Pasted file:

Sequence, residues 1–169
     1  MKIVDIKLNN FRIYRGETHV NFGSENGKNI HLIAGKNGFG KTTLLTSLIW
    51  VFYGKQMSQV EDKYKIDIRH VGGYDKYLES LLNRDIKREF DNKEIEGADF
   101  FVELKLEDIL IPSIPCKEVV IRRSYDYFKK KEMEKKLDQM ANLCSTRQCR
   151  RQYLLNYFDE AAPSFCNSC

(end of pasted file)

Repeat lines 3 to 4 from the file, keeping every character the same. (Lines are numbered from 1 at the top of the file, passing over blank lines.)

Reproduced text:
    51  VFYGKQMSQV EDKYKIDIRH VGGYDKYLES LLNRDIKREF DNKEIEGADF
   101  FVELKLEDIL IPSIPCKEVV IRRSYDYFKK KEMEKKLDQM ANLCSTRQCR